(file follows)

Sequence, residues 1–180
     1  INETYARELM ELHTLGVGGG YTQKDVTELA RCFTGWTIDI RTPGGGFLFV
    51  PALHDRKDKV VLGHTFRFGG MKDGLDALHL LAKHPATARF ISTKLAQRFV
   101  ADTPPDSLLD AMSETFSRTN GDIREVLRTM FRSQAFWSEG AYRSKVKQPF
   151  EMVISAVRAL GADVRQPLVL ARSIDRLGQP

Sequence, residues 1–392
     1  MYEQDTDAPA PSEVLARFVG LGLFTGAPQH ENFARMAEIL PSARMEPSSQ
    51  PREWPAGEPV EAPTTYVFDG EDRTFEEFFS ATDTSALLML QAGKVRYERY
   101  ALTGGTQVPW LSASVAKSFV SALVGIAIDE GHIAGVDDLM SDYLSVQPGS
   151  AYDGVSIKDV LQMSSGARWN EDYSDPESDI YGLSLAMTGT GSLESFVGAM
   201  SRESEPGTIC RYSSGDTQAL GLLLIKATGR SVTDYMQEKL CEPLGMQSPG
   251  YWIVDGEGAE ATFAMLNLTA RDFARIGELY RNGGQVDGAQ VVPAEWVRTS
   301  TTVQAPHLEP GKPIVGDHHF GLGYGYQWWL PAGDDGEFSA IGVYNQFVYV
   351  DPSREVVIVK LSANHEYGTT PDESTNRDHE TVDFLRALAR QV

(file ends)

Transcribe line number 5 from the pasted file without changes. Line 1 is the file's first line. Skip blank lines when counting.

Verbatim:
   151  EMVISAVRAL GADVRQPLVL ARSIDRLGQP